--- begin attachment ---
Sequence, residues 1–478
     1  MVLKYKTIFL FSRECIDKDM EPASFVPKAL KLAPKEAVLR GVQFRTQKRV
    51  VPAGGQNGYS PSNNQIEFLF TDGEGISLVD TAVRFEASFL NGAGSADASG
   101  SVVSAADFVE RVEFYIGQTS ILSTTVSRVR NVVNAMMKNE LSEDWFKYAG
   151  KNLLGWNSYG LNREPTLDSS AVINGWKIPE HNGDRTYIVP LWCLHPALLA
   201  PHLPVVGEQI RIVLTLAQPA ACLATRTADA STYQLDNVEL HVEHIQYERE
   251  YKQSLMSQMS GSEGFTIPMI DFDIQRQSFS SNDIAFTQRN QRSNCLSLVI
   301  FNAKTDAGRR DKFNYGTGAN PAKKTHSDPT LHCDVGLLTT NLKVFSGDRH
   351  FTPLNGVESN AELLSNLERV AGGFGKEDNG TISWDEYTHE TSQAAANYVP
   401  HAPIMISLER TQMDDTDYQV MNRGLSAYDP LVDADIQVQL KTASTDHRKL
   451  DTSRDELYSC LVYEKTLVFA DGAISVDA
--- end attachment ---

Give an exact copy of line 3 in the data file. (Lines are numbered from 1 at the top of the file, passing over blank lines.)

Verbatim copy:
    51  VPAGGQNGYS PSNNQIEFLF TDGEGISLVD TAVRFEASFL NGAGSADASG